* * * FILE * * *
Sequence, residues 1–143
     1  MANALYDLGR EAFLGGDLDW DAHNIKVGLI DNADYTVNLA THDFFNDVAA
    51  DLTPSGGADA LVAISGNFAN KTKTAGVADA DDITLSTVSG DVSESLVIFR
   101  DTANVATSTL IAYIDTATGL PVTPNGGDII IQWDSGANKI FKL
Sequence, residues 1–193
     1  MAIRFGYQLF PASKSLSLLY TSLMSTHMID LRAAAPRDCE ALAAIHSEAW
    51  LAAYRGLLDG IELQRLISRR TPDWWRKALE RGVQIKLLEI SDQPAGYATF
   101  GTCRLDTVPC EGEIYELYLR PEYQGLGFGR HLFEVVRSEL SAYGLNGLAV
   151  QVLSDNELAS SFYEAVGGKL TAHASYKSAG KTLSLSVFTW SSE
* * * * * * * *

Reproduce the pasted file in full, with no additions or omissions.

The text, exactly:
Sequence, residues 1–143
     1  MANALYDLGR EAFLGGDLDW DAHNIKVGLI DNADYTVNLA THDFFNDVAA
    51  DLTPSGGADA LVAISGNFAN KTKTAGVADA DDITLSTVSG DVSESLVIFR
   101  DTANVATSTL IAYIDTATGL PVTPNGGDII IQWDSGANKI FKL
Sequence, residues 1–193
     1  MAIRFGYQLF PASKSLSLLY TSLMSTHMID LRAAAPRDCE ALAAIHSEAW
    51  LAAYRGLLDG IELQRLISRR TPDWWRKALE RGVQIKLLEI SDQPAGYATF
   101  GTCRLDTVPC EGEIYELYLR PEYQGLGFGR HLFEVVRSEL SAYGLNGLAV
   151  QVLSDNELAS SFYEAVGGKL TAHASYKSAG KTLSLSVFTW SSE